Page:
NHL Oct 29, 2003 5:06 AM

From the Sigma site:

# Wireless-TTL, slave-flash functions.

The EF-500 DG SUPER provides the TTL wireless-slave-flash functions, which allows the flash to be moved to a location away from the camera for operation. The TTL wireless-flash function enables the control of multiple EF-500 DG SUPER units while preserving the automatic TTL exposure control function. The model for Sigma and Minolta uses the camera's built-in flash for signaling, and makes the EF-500 DG SUPER located away from the camera the main light source. The model for Canon utilizes an EF-500 DG SUPER mounted on the camera for signaling, and triggers and controls single or multiple EF-500 DG SUPER units, located away from the camera. In this procedure, the signaling and flash triggering are performed by changing the settings of the EF-500 DG SUPER mounted on the camera. The Designated Slave-flash function enables one EF-500 DG SUPER on the camera, o trigger multiple offf-camera, units of the EF-500 DG SUPER, each corresponding to a preset channel. The Normal Slave-flash function can be used to synchronize one or more EF-500 DG SUPER flashes with the camera's internal flash or other flash equipment (with manual exposure control).
Notice the next to last sentence as well... unlike optical dumb slaves , up to 4 different photographers can use this system simultaneously without triggering one another system. Each user pick their channel ID by mounting the flashes on the camera 1st and set their channel ID accordingly! 8)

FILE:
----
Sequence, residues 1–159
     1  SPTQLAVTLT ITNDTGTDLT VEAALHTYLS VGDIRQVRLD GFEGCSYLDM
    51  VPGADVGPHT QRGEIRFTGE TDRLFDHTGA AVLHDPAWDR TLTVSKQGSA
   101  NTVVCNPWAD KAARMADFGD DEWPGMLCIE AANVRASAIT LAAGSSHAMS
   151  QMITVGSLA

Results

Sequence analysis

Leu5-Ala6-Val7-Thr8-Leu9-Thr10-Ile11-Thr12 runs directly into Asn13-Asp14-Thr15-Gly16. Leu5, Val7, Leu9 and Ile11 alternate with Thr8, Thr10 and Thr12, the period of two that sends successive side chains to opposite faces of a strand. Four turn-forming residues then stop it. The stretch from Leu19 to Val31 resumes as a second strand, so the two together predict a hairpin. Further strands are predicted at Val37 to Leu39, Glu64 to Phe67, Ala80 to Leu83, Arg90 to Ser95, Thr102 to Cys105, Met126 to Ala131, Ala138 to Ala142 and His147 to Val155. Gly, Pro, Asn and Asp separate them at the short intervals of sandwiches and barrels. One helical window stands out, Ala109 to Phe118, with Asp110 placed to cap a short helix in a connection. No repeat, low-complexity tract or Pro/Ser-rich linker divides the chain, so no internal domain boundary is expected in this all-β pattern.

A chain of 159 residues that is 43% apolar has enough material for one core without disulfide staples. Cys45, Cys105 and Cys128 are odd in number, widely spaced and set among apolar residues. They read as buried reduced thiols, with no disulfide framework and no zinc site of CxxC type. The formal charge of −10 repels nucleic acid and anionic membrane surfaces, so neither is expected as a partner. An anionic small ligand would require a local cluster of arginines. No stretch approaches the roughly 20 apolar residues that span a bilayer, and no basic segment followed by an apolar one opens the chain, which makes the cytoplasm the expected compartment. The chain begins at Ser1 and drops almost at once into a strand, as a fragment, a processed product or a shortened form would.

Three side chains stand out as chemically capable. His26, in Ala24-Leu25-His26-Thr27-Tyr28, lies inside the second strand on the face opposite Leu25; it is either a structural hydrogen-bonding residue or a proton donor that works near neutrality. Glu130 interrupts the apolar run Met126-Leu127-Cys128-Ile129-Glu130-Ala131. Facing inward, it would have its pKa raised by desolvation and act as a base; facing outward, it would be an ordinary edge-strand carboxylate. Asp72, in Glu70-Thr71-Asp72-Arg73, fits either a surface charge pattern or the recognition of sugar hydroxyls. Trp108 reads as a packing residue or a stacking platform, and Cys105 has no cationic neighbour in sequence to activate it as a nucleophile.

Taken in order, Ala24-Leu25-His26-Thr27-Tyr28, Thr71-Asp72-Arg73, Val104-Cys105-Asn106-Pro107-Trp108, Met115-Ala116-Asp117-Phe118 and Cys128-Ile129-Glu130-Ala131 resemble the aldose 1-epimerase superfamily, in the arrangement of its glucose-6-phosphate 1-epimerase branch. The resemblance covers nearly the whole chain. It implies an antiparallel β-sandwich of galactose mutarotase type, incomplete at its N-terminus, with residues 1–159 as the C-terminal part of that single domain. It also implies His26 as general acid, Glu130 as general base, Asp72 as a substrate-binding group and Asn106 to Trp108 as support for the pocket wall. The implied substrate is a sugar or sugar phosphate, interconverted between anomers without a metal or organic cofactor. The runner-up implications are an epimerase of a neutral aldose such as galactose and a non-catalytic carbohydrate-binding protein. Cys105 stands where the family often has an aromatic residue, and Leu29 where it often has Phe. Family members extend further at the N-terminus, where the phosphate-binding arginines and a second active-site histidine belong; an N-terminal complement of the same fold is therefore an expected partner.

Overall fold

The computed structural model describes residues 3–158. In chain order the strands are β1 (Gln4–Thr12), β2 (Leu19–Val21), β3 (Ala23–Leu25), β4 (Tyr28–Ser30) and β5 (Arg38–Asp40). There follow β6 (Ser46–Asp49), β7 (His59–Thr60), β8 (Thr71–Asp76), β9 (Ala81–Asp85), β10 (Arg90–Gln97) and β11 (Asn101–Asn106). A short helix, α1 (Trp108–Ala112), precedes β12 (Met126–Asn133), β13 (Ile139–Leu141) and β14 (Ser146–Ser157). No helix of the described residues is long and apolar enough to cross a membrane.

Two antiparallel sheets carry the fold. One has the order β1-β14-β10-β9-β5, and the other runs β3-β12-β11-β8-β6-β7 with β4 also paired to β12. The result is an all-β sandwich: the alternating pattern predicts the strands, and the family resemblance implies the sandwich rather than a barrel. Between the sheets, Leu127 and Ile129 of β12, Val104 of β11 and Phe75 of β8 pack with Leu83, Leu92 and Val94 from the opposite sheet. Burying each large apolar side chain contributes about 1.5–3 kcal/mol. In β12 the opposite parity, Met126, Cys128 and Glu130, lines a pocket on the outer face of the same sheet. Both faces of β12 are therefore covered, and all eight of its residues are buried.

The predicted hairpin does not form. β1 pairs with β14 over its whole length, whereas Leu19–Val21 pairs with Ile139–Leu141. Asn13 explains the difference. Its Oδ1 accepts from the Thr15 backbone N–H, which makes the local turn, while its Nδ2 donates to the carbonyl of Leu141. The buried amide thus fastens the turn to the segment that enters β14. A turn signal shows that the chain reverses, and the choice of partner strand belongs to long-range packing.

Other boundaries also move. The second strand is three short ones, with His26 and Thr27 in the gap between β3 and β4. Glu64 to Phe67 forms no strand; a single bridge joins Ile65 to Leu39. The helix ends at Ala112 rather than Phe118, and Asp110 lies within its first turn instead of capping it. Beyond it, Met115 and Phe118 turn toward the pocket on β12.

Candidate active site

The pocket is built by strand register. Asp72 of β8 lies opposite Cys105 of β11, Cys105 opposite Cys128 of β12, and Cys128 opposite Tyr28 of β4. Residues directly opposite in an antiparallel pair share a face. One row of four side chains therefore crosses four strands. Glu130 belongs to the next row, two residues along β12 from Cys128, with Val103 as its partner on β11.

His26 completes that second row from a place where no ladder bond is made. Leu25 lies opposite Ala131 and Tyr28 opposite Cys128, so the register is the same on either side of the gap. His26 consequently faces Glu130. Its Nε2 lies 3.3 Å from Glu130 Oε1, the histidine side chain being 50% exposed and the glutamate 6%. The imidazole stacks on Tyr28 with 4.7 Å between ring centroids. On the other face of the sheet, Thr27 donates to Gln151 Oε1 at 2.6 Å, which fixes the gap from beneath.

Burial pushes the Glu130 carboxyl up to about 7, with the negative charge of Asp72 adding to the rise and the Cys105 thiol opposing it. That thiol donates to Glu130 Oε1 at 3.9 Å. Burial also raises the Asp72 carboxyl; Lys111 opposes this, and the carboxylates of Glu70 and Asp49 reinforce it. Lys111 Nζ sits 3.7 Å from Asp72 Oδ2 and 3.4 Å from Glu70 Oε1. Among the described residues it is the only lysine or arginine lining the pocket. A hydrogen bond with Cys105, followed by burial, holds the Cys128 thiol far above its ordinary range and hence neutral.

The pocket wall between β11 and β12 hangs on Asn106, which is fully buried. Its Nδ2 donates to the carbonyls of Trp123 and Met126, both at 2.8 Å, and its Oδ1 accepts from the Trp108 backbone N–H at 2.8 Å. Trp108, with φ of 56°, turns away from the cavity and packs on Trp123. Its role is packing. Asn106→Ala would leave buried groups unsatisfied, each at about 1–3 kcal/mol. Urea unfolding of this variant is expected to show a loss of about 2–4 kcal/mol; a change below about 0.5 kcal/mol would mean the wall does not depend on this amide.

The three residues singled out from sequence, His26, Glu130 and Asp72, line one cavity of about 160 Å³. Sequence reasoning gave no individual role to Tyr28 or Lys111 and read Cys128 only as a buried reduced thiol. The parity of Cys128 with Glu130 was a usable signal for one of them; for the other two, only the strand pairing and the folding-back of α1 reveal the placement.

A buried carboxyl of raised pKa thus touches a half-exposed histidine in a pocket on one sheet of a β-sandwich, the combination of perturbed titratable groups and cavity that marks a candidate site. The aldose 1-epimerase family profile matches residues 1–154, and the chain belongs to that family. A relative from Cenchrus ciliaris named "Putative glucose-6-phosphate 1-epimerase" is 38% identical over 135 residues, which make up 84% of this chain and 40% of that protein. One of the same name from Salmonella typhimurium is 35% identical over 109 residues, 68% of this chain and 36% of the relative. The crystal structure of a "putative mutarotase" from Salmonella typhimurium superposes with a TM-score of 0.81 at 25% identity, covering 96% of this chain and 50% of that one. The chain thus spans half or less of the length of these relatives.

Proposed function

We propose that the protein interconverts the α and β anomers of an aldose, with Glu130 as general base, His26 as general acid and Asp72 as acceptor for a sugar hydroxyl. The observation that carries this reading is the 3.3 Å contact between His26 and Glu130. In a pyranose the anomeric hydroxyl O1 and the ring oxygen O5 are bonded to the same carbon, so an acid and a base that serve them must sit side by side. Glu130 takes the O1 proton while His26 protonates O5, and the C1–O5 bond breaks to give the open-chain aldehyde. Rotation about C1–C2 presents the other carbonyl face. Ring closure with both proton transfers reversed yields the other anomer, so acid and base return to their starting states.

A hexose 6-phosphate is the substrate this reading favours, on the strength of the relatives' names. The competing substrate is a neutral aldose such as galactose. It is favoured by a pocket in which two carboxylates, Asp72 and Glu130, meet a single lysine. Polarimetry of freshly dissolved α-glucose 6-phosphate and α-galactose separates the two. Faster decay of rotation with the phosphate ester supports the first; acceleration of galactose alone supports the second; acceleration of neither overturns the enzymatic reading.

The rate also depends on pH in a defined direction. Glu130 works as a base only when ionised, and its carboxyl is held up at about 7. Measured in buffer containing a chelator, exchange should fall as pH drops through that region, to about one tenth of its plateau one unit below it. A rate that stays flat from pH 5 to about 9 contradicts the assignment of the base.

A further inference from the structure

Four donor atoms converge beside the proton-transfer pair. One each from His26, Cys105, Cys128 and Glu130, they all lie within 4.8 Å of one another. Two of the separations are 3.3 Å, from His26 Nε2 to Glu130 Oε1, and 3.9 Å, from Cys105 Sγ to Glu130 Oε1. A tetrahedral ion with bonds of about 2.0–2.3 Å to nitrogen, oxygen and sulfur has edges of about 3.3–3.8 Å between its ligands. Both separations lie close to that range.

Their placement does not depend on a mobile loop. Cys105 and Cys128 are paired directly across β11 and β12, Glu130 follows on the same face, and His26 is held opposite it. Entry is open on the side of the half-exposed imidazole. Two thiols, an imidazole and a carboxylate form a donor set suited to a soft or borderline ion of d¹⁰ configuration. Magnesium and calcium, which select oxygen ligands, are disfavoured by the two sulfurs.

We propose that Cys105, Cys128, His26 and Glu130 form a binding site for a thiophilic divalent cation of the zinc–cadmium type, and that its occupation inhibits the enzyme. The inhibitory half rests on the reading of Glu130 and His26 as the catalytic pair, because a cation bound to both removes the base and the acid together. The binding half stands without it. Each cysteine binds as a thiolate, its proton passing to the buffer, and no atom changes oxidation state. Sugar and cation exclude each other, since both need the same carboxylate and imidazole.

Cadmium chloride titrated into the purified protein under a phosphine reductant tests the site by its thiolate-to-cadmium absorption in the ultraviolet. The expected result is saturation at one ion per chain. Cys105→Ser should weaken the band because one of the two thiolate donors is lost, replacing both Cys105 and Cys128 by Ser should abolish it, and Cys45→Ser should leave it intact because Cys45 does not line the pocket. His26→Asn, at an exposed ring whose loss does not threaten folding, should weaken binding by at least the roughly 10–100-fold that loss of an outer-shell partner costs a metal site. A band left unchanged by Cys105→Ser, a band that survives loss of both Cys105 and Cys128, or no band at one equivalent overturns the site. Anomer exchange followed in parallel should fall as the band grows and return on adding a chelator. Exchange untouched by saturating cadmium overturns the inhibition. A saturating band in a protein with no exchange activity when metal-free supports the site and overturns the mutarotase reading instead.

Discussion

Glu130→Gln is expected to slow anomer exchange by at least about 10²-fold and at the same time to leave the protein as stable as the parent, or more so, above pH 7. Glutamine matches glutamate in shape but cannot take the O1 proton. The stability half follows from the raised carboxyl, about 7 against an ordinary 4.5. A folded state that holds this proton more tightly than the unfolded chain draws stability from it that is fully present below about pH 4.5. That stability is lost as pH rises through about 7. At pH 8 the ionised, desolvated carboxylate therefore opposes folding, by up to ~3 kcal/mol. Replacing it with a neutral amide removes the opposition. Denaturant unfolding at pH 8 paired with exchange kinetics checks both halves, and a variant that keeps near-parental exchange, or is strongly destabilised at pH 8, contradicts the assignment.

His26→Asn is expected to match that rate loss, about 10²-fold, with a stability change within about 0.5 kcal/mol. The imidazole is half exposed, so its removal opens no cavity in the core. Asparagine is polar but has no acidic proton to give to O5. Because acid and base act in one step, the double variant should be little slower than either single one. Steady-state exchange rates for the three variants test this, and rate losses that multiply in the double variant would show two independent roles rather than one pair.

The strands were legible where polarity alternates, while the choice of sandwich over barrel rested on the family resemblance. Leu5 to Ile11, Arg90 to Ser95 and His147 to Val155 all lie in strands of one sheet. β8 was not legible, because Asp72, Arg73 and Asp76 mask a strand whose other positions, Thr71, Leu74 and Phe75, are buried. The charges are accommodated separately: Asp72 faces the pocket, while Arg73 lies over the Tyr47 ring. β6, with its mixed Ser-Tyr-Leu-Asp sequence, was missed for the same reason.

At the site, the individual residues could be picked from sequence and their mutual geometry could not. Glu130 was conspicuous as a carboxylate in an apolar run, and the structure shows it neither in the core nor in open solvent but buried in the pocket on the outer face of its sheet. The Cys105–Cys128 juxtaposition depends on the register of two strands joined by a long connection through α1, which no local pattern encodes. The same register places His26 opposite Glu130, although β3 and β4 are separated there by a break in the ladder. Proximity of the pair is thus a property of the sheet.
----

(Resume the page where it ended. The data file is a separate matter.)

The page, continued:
... and here's for the modeling light:

# Modeling flash function to check for shadows.

Like a studio flash unit equipped with a modeling lamp, the EF-500 DG SUPER also offers a modeling flash function, enabling the user to check for intense reflections and shadows, before actually taking the flash picture. (for Sigma, Minolta, and Canon cameras).。
(on the Nikon there's a separate button behind its flash) There's none on the Sigma's unit. :cry:

websounding Oct 29, 2003 5:09 AM

So great.
You people are so great.
It's freaking 4:30 AM when I post, I go out and get some coffee, come back, and...
Wow. Thank you.
There must be a reason that all you gotta do is type "Steve's" on google and up this site comes.
Have a really nice week/end guys.


Mike_PEAT Oct 29, 2003 5:15 AM


Originally Posted by NHL
Metz flashes use a different wireless protocol and are not compatible with the Minolta's or Canon's but are compatible among themselves (ie Metz compatible units)

Just want to add that the Metz slave I was talking about, the 34-CS2 Digital, IS compatible with all cameras, those with or without a preflash. It fires when it sees the internal camera flash fire.

It is also compatible with the Metz radio frequency (if you have it set that way), but you don't need it to use this flash, you can use it just as a flash sensitive flash...I just wanted to clear that fact up.

NHL Oct 29, 2003 5:28 AM


I understand that... with one unit, the Metz will work just fine!

It's when you have a combination of different brands with two external slaves or more that's when you'll need multiple Metz units (and not mix and match). Pre-flash is not the problem... but controlling the modeling might be, or doing a flash exposure lock which the Metz's will fail to understand... :wink:

I've been a Metz fan for a long time... and still am. In fact my analog Metz outperformed my state of the art Canon's 550EX on full E-TTL in some situation! :lol: :lol: :lol:

BTW when the main flash is totally OFF the camera and a Minolta IR remote flash controller is used (or a Canon ST-E2), the Metz RF system will be entirely incompatible with the IRs. :cry: